Just a short break from the snake news to let you know that I'm entering a bead giveaway called "Blog Buddies" sponsored by Magpie beads. She will be giving away some beads to a lucky winner each month, who will then show what was made with them or do a review on the beads after placing the banner above with a link back to her website. I look forward to seeing how this goes. It could be alot of fun!
Reposted (so as not to rewrite) from what I wrote on the Diane Rehm radio show site; I am saddened by just how out of control this mass banning has become. What kicked this off was an issue taking place in the Everglades and it has now been totally blown out of proportion to involve the entire country, and drawn into it way more animals than its original intended target.
If people are concerned about giant feral pythons in the Everglades those individual snakes should be contained/removed; not the snakes kept in captivity that are not hurting anyone, are happy and healthy.
I don't know where people are coming up with this "animal abuse" angle from this. What abuse? Breeding? Keeping in captivity? Is that what is being considered "abuse"? If so, then that's really stretching it.
The fact of the matter is that for many years non-native animals have come to the United States and have assimilated to life here either in captivity or in the wild. Are we to start exporting all those animals that originated from other countries? And if so, then from how many years ago? What should be considered native species? Animals have been brought over with settlers, shipped in, etc ever since this country began, even domestic breeds of cat or dog, but they're here now and we can't put Pandora back in the box. It's done.
I received an e-mail today about legislation being proposed currently which takes all this "animal control" even further. It said that there are restrictions being proposed against adding to the endangered species list even when it would be warranted. What ever happened to animal rights groups promotion of conservation? That seems to have gone out the window in a matter of weeks or months.
Looking at the big picture it sure appears as if there are those who would like to see animals become extinct because they really just consider them pests and believe they interfere with their lifestyle, as if they were competing with man's very existance. That is not a solution.
If Florida wants to get big snakes out of the Everglades and prevent more from getting loose there are more effective ways to do that intead of a Federal and then state by state ban. Why not for instance Spay and Neuter the feral ones.
HSUS would make better use of its time and resources doing that than in waging this nationwide war and dragging every species into it that resides in this country.
If Florida wants to restrict or limit the number of big species of snakes going into that state, that's one thing, but the whole country should not be penalized, when these snakes cannot live in the wild in cooler climates anyhow.
Yesterday while reading on one of the snake forums, I found yet another disturbing piece of legislation; this one introduced by the state of Rhode Island, and this one includes Ball Pythons, these very gentle and often shy snakes who aren't even capable of delivering more than a few small superficial puncture wounds (in the worst case scenario); certainly not vicious man-eaters by any definition!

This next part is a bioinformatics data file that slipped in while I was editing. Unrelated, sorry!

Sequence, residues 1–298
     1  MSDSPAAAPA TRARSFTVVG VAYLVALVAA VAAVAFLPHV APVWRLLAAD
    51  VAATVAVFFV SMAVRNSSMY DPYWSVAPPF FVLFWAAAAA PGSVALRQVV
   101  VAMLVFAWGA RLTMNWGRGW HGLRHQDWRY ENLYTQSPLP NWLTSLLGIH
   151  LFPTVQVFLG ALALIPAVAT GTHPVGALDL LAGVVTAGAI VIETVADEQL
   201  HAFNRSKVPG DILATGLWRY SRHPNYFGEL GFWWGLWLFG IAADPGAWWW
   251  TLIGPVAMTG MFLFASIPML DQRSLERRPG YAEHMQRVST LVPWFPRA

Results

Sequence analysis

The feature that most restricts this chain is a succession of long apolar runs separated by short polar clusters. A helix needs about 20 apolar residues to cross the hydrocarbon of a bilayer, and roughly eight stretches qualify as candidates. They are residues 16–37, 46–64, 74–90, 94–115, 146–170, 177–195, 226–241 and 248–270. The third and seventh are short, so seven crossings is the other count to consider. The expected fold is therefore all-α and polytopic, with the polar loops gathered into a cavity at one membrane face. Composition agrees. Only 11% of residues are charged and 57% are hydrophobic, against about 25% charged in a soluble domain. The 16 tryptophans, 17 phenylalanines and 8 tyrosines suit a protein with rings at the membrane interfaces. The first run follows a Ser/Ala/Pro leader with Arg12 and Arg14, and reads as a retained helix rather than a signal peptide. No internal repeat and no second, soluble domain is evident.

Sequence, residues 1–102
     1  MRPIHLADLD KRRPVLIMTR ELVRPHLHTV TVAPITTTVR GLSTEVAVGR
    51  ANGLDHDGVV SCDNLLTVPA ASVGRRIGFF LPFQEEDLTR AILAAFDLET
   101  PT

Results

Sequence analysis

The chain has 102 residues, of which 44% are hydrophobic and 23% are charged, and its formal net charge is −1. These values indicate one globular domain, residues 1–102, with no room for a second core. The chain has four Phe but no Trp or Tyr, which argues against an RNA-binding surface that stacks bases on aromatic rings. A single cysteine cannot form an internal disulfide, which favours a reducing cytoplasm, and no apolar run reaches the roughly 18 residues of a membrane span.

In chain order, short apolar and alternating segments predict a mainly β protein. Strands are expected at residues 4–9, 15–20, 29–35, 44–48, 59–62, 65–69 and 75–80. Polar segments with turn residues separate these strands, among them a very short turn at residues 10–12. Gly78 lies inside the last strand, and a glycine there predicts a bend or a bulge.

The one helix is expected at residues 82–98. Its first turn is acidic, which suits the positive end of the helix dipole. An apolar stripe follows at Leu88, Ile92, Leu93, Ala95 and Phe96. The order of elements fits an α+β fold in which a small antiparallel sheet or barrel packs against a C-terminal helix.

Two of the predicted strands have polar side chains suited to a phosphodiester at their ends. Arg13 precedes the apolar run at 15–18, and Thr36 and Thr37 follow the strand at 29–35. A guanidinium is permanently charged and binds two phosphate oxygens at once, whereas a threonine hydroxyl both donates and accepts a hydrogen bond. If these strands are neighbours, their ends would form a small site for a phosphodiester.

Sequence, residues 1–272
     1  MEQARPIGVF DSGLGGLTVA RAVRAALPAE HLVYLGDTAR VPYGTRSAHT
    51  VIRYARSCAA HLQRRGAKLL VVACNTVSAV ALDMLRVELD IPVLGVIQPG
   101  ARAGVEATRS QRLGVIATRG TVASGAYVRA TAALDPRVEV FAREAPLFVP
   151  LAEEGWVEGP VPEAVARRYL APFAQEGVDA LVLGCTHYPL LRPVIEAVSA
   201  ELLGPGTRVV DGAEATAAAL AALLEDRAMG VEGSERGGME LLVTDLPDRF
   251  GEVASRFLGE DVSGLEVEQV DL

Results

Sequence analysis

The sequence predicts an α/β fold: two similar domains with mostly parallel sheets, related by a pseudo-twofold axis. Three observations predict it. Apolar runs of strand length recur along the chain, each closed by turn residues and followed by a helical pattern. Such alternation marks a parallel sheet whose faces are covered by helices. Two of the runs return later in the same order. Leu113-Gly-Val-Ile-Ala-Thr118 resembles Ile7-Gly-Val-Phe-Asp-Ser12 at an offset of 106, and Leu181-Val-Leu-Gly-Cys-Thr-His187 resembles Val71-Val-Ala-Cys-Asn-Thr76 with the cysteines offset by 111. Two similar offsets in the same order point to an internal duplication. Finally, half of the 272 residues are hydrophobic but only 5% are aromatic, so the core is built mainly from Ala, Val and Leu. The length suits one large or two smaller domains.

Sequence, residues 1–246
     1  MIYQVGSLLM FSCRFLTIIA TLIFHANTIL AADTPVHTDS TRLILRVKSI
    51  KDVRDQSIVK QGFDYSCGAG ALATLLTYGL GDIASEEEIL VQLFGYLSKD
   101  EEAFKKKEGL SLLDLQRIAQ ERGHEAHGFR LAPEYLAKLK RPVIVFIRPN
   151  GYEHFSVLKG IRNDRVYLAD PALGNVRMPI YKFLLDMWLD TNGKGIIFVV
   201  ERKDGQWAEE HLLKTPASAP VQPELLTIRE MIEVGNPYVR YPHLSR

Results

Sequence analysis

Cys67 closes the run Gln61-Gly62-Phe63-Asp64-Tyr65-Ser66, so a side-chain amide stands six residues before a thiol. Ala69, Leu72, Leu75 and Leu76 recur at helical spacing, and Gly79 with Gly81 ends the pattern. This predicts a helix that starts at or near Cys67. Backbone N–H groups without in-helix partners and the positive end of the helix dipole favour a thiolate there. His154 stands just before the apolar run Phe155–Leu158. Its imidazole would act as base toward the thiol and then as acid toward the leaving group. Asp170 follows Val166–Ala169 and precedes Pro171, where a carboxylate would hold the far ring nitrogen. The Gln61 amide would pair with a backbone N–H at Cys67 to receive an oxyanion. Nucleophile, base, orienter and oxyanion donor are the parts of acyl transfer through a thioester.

I recieved a few responses to letters I wrote to legislators asking that they oppose this ban and overturn it. Senator Saxby Chambliss told me he'd pass on my thoughts to Fish and Wildlife and keep me posted on their response, and the SenatorV. Susan Sosnowski of District 37 said my comments were very interesting and that she'd remember them when she addressed the issue in Environment and Agriculture Committee for a hearing. I read that as positive but I wish she'd told me where she stands on the issue so I'd know for sure.
Keep reading, everyone, please leave comments, and follow if you aren't already. I'm sure this topic will be interesting to alot of people, and there will be lots of new developments to come. Together we can make a difference so that people can continue to enjoy these beautiful and graceful animals.
In honor of the Python I'm offering a special deal for 20% off on finished jewelry purchases $60.00 and up for a limited time only. To get this price reduction you must enter the coupon code PYTHONDEAL during checkout and the amount of purchase must be at least $60.00 not including shipping. I don't do this very often, so I hope lots of you readers will make use of it while it lasts. Here's your chance to get some of my more substantial pieces for a great price!
And yes, this lovely snake bracelet with emerald eyes is still available.
Pippit Carlington works in several mediums;
including acrylics, watercolor, drawing, clay sculpture, and jewelry. A multicultural influence is evident in her work reflecting a diverse heritage of Iroquois Indian, Hawaiian, Russian Jewish, and French Canadian. She is strongly influenced by nature, political and social issues, and uses her art to educate the public.
Pippit has received formal art training at Callenwolde Center for the Arts, The Atlanta College of Art, and Atlanta Jeweler’s School and Studios.
She has sold and exhibited her art at numerous stores/galleries.
She has participated in the following art shows;
The Sandy Springs Festival
Annual GA. Microenterprise Network Conference
For Sisters Only
The Spring Fling at Simpsonwood
Sweet Auburn Festival
Inman Park Festival
Arts In The Garden
Goodwill Christmas Bazaar
United Way Christmas Art Show
She has also marketed her work on Ebay and more recently ETSY, both online venues, and is coordinator of The Art Jewelry Collective, a group of jewelry artists with Etsy online stores in an effort to bring more customers with high-end taste to the site.